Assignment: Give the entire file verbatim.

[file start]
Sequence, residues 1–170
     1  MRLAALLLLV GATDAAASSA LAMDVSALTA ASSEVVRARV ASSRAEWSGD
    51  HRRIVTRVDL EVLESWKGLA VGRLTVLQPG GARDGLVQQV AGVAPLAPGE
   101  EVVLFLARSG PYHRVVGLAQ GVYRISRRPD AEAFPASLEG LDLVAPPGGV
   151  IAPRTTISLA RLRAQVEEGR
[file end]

Sequence, residues 1–170
     1  MRLAALLLLV GATDAAASSA LAMDVSALTA ASSEVVRARV ASSRAEWSGD
    51  HRRIVTRVDL EVLESWKGLA VGRLTVLQPG GARDGLVQQV AGVAPLAPGE
   101  EVVLFLARSG PYHRVVGLAQ GVYRISRRPD AEAFPASLEG LDLVAPPGGV
   151  IAPRTTISLA RLRAQVEEGR